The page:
The editor-in-chief of Independent News and Media in Northern Ireland has claimed that the number of reporters employed in the regional press has remained largely unchanged over the past decade.
Edmund Curran, the former editor of the Belfast Telegraph, believes that sub-editors and design staff have instead borne the brunt of the cuts.
The former president of the Society of editors agreed that staff budgets had had seen a 'substantial" reduction but 'not, crucially, in the context of writing journalists".
This was part of a trend for production and subbing to be outsourced or centralised in regional hubs, he said.
He told a joint Parliamentary committee investigating the future of investigative journalism: 'The newspapers tend to say, with our editorial budget, we want to use that money for staff who are actually writing in the paper, who are investigating in the paper, reporting in the paper – rather than, to put it blunt, pushing pens around and drawing pages... that's where the casualties have been – in the layout and design and presentation of the papers."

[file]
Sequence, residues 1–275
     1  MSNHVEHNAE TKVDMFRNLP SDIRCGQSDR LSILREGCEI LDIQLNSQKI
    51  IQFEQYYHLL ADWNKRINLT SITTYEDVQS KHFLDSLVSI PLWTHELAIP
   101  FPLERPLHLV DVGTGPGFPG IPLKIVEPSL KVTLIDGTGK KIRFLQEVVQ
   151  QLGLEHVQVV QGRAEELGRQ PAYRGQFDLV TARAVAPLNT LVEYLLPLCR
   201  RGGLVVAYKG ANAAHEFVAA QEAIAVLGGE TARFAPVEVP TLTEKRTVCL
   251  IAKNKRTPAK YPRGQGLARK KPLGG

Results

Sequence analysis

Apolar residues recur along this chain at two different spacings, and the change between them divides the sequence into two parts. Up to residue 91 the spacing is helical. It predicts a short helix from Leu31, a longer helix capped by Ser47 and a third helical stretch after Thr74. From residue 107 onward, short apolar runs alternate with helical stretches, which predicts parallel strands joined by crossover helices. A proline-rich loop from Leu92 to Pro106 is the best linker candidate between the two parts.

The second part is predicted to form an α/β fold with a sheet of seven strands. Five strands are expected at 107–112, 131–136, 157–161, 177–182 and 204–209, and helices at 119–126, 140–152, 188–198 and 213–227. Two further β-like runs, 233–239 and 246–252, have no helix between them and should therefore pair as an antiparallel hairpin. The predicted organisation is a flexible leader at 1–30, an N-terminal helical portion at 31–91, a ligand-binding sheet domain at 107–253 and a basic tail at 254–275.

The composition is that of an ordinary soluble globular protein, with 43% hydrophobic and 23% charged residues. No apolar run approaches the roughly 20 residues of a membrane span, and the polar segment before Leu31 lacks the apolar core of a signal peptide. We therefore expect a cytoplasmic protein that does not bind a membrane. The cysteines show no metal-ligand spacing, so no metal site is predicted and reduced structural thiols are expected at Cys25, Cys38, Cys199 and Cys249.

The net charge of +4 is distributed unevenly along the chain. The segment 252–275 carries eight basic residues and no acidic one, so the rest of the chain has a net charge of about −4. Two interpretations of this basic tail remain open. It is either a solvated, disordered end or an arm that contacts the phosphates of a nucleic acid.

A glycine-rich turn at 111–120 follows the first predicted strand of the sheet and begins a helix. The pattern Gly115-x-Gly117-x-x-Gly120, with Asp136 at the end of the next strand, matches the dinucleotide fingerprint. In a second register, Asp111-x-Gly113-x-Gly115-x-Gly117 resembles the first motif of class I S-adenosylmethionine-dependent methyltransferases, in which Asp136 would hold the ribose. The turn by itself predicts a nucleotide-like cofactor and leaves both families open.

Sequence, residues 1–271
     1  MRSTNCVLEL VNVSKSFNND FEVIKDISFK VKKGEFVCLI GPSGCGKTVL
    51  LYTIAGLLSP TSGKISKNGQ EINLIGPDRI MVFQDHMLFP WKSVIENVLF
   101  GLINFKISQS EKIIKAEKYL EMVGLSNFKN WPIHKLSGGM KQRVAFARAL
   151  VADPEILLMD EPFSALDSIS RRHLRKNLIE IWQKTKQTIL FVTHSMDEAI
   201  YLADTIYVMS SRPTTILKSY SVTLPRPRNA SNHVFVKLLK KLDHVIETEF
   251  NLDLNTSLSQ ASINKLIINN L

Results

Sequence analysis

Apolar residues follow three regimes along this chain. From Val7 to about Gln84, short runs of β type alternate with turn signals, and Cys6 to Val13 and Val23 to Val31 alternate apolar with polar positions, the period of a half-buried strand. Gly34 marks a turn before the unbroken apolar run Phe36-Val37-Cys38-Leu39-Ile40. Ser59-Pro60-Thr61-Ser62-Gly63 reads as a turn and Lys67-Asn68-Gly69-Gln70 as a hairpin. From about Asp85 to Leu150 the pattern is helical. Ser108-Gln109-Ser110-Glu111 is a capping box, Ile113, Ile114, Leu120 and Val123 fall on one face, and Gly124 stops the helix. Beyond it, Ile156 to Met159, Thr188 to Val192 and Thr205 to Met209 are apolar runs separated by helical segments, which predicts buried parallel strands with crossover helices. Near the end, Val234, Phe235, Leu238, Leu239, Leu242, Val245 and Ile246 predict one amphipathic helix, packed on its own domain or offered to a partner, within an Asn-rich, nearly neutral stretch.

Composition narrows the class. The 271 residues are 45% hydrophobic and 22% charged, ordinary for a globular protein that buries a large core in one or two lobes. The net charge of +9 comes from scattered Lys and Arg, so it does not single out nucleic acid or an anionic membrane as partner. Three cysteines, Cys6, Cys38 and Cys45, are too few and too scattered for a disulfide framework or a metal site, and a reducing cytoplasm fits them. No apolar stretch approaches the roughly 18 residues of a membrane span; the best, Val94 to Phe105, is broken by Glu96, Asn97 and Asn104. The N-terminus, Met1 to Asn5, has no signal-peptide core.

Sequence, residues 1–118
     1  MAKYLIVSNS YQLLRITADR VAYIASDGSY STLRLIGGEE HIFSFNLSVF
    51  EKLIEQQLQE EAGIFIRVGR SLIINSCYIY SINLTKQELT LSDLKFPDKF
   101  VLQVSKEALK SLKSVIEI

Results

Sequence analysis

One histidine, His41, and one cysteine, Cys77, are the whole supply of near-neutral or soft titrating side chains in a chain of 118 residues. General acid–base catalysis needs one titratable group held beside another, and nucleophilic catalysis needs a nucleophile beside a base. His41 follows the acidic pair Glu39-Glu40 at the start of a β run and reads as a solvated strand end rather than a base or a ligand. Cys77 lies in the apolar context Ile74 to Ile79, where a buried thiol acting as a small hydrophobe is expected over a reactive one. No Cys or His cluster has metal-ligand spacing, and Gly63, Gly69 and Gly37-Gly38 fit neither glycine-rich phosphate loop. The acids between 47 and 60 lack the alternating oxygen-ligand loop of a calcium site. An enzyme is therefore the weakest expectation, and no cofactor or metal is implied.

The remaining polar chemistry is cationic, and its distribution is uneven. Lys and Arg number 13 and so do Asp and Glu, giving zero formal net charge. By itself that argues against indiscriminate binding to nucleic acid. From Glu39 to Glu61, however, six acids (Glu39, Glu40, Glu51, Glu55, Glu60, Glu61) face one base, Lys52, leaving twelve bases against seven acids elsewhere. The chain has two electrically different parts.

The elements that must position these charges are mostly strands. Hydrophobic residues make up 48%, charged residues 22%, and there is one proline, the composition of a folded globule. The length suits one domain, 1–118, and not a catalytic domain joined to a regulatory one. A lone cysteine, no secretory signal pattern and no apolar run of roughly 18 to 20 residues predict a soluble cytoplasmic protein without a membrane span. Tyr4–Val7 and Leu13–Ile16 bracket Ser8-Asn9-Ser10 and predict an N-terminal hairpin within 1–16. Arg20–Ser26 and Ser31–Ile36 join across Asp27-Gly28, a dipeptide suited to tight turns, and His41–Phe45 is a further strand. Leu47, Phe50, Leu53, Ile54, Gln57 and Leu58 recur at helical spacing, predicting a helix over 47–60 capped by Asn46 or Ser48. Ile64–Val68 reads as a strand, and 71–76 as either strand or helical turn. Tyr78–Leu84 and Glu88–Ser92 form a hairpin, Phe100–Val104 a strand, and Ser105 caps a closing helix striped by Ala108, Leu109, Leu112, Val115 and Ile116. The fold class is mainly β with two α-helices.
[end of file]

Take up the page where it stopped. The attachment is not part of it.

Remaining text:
Geraldine Allinson, the president the Newspaper Society, said the UK newspaper industry employs around 30,000 people in total and that 10,000 of those are journalists, arguing that in percentage terms 'the number of journalists is bigger than it used to be".
Curran, an NCTJ board member, also told the committee that the economic pressures on the newspaper industry had actually resulted in an 'enhanced'level of investigative journalism and that newspapers were now far more comprehensive than they were when he began his career, as regional editors had to work far harder to attract the attention of readers.